Money, technology and change: Three critical issues that IT leaders cope with every day.
To be successful, CIOs and other IT executives must focus on shifting their organizations to deploy new technologies and technology management processes. However, they must also focus on de-installing aging technologies and technology management processes. These competing requirements are nothing new. IT’s perennial challenge has been to take advantage of incremental technological evolution and disruptive innovations while managing the retirement and de-installation of platforms nearing the end of their useful lives.
In working with our clients, we at IDC have found that most leaders effectively manage the life cycle of incremental technology innovation but struggle with managing mature strategic platforms. However, successful organizations move purposefully to de-install older platforms; less successful ones tend to add platforms with the long-term goal of migrating to only one platform — but then fail to de-install older systems.
Raising the bar: digital transformation
Disruptions and opportunities created by digital transformation are raising the stakes for enterprises worldwide — making the change management imperative more relevant and pressing than ever. Digital transformation poses a particular challenge for IT: Core systems (ERP, on-premises computing, security, mobile, etc.) are changing while the ways IT professionals apply technology are also changing as they are being asked to support new business models, methods and practices. And all this is happening as business users exert increasing influence over budgets and technology decisions.
Disruptive change: What about the money?
Every successful technology executive has mastered pulling the financial levers. But virtually all IT professionals I have spoken with in the past 18 months have discussed their challenge to master new technologies while controlling and cutting spending on existing platforms. In the words of one of my New York-based clients, the challenge is “rationalizing technology spending” — establishing formal, multiyear goals to change technology architecture, infrastructure and applications to reduce aggregate or transactional IT spending and investment.
Now, to support the management of disruptive technology change, CIOs and other IT leaders must disruptively change the way they manage technology spending. What they have historically done to manage tech spending — the nipping, the tucking and the relentless thoroughness of good cost control — needs to be supplanted by a strategic approach to cost control.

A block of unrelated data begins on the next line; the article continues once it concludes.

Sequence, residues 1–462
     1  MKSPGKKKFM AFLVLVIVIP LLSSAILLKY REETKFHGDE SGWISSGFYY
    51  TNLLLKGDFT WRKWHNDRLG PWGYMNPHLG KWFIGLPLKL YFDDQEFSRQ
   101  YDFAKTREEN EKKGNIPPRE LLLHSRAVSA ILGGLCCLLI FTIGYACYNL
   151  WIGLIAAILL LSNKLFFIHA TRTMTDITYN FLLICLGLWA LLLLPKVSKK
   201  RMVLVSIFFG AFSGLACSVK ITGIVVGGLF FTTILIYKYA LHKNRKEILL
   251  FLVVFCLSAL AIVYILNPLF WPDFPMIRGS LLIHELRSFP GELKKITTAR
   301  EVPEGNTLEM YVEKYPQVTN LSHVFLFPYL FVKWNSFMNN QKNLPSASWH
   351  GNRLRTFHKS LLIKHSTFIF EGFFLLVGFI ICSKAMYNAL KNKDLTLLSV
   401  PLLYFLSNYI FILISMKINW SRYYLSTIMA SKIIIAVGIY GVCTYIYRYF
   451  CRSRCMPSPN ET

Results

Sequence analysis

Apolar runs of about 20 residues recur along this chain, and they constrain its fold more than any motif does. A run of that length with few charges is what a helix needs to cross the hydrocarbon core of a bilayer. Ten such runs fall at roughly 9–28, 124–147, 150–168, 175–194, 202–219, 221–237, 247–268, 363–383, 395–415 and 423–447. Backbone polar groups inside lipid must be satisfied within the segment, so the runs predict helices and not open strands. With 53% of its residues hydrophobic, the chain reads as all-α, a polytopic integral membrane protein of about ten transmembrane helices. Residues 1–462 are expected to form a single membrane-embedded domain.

IDC has identified seven principles for disruptively managing technology spending:
1. Elevate your technology spending rationalization initiative so that it’s one of your team’s top five strategic initiatives. It shouldn’t be another tactical exercise in incremental cost-cutting.
2. Devise a three-year plan and put a “high-potential” leader (not the CIO) in charge of implementing it. That individual should be empowered to act broadly. As the head of IT, you probably personally championed some of the platforms that are now candidates for decommissioning. Don’t play favorites. Let the project leader know that “everything is on the table.”
3. Set ambitious goals: Commit to reducing eight percent to 15 percent of expenses annually.
4. Rationalize everything: data, applications, assets, skills and facilities. Every hardware and software platform must be fair game, as should the personnel (employees and contractors) who maintain the systems.
5. Deliver a steady stream of short-term wins while strategically restructuring.
6. Face the difficult choices head-on. Ask the CEO to get involved, if necessary.
7. Abide by one overarching goal: Our future tech platform must be stronger and better.
Strategic money management is essential
Digital transformation requires IT to rethink everything.
To achieve your organization’s digital transformation ambitions, you must restructure just about every element of IT — its platforms, people and processes. Regrettably, incrementalism and inertia have become the norm tor one of those critical processes — technology spending.
Money, funding, budgets, capital, spending — these are some of every organization’s most important resources and most critical constraints. But dealing with finances isn’t what technologists like to do. They’d prefer to follow their true passions and focus on managing technology, not money.
The reality, however, is that in the face of digital transformation, IT is being challenged to enable change — which requires introducing new technologies and evolving the organization’s existing systems. So, like it or not, as we head into 2017, CIOs and other IT leaders must make rationalizing technology spending a strategic initiative for the entire IT team.
The essential role of IT leaders is to support the business while simultaneously facilitating change — to shepherd their organizations to new and better places, enable new technologies and empower new functionality, processes and business models. Fulfilling that mission involves managing every aspect of the IT operation — technologies, skills and, yes, the money.
Joseph Pucciarelli is a group vice president and IT executive adviser at IDC.